Successful Beef AI Programs Result from Attention to Detail Back »

This article written collaboratively by George Perry and Jim Krantz, former SDSU Extension Cow/Calf Field Specialist.


Artificial insemination (AI) is one of the most powerful tools available for genetic improvement in the cowherd.  However, success of any AI program requires attention to details as well as identifying target goals for pregnancy rates, resources available, and recognizing critical factors that are limitations to those expectations.

Expected Pregnancy Rates: Pregnancy rate is the product of estrous detection rate and conception rate. It is important to remember that a pregnancy rate of 60 to 70% to a single insemination is good for either AI or natural service.  For natural service, a pregnancy rate of 60 to 70% is normal for the first 21 days of breeding season, if all bulls are fertile and 100% of the heifers and/or cows are cycling.  However, it is a very rare situation to have 100% of all the heifers and/or cows cycling at the start of the breeding season.  For an AI program, a synchronization protocol can be selected to help induce heifers and/or cows to cycle.  Therefore, with attention to several details AI pregnancy rates of 50 to 70% can be achieved within 1 to 3 days of the breeding season with most of the recommended synchronization protocols.

Resources Available: Facilities, experience, manpower and available feed resources contribute to the decision of utilizing AI in the breeding program. Adequate facilities, does not mean that an investment in “steel” is a prerequisite. In fact, properly designed wooden corrals and sorting pens may be desirable providing a quieter working environment. Most AI programs, whether synchronization is or is not involved, demand additional, skilled labor as proper handling of the cattle can have a dramatic impact on success rates. Pregnancy rates are correlated to the nutritional status of the female. If cows are bred near an existing facility, grazing paddocks must be sufficient to support the number of cows/heifers that will be grazing during the breeding season.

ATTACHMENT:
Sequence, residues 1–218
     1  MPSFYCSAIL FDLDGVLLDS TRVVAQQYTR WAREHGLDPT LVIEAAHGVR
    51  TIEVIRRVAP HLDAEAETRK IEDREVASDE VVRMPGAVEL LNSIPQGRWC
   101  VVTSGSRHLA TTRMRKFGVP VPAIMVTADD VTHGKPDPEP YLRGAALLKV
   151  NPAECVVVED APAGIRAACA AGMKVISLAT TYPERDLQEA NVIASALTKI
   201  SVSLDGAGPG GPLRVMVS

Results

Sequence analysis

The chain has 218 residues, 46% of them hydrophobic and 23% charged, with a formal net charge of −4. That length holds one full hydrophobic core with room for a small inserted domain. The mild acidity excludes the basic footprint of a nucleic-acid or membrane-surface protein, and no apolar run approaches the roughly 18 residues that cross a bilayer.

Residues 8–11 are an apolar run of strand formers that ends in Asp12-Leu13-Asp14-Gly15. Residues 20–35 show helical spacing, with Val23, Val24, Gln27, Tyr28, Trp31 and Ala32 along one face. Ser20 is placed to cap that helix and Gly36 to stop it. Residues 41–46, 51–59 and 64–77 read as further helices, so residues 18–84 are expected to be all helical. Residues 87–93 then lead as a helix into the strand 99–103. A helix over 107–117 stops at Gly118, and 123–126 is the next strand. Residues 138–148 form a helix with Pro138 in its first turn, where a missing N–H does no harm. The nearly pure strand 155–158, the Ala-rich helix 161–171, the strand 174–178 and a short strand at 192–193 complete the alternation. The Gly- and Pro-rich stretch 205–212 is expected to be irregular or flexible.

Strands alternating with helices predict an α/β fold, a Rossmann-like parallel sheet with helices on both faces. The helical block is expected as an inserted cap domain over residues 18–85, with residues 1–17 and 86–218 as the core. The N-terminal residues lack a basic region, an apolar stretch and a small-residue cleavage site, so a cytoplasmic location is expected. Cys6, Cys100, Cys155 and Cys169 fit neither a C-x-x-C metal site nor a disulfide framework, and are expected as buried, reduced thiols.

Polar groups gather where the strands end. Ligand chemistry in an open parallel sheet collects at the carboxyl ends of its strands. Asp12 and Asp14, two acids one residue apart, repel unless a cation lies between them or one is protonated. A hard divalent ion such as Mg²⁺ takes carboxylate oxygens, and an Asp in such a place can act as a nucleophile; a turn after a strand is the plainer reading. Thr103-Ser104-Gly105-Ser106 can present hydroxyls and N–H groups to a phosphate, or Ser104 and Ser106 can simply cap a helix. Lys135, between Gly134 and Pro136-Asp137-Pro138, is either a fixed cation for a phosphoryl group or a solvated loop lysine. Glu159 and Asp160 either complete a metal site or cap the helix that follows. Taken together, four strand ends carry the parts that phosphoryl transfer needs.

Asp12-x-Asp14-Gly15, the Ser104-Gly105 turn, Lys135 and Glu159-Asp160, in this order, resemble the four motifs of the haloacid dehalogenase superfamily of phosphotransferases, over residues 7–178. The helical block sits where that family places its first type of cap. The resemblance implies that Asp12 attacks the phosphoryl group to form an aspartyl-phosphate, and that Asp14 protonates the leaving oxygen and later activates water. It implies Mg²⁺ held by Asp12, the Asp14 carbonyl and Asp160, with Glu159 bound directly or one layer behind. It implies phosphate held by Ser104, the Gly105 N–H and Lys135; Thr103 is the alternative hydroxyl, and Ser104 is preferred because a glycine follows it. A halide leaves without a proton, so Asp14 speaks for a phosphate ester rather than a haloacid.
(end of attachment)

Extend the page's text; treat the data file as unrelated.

Critical Success Factors for AI: When it comes to reproductive management, exceptional performance in one area will not compensate for the mistakes you make.  Reproductive success will never be better than performance in the weakest area:

  • Temperament- Temperament will vary among animals and is both a safety and production (growth, reproduction, carcass quality) issue.  Recent work done at Organ State has reported a correlation between temperament and pregnancy success.  Beef cattle with an excitable temperament have been reported to decrease the probability of pregnancy during the breeding season compared to calm herd mates.
  • To achieve good pregnancy rate estrus synchronization protocols must be followed precisely. To minimize the probability of making a mistake, a good practice is to write each of the days of treatment, the product name, dose to be administered, and the day of insemination on a calendar and ask a trusted veterinarian, extension specialist, or AI company representative to review it before beginning the protocol.
  • Nutrition- Replacement heifers should be developed to an appropriate target weight (65% of mature weight) prior to the breeding season.  Cows should also be fed to attain adequate body condition prior to calving (BCS ≥ 5).  Therefore nutrition prior to the start of the breeding season is of obvious importance.  However, nutrition following breeding can also have a direct affect on embryonic development and survival. Any dramatic changes in diet or feed intake following breeding that result in weight loss can negatively impact pregnancy rate and should be avoided.
  • Vaccination Program-A prebreeding vaccination program in combination with careful attention to biosecurity practices and reducing stress/disease transmission within a herd should be included in a herd health program.  Several studies have reported injection of naive heifers with a MLV virus around the time of breeding resulted in ovarian lesions and decreased pregnancy rates.  Therefore, general recommendations for prebreeding vaccinations are both heifers and cows should receive vaccinations 45 to 30 days before breeding.
  • Post-AI shipping- Recent studies in Montana have reported that transporting cattle on a trailer decreased pregnancy rates by about 10% between days 5 and 42 after insemination and by 6% between days 45 and 60.  The best time to ship cattle is before synchronization or within 4 days of breeding.
  • Proper insemination technique- If you choose to artificially inseminate heifers or cows yourself, remember that the location of semen placement within the reproductive tract will have a significant impact on pregnancy rates.  It is important to deposit the semen in the body of the uterus (target area) and not the cervix.  Deposition in the cervix will significantly reduce the pregnancy rates.  Furthermore, semen handling should not be overlooked, since improper handling of semen can reduce semen motility and also greatly reduce pregnancy rates.

While artificial insemination provides access to the world’s greatest genetics, this management tool can be a costly and time-consuming investment if not approached with attention to detail. Success with it requires homework, patience and knowledge of researched, procedural fundamentals. 

For more information related to beef reproduction see your local extension field or state specialist and continue visiting www.igrow.org for future articles on beef reproduction.

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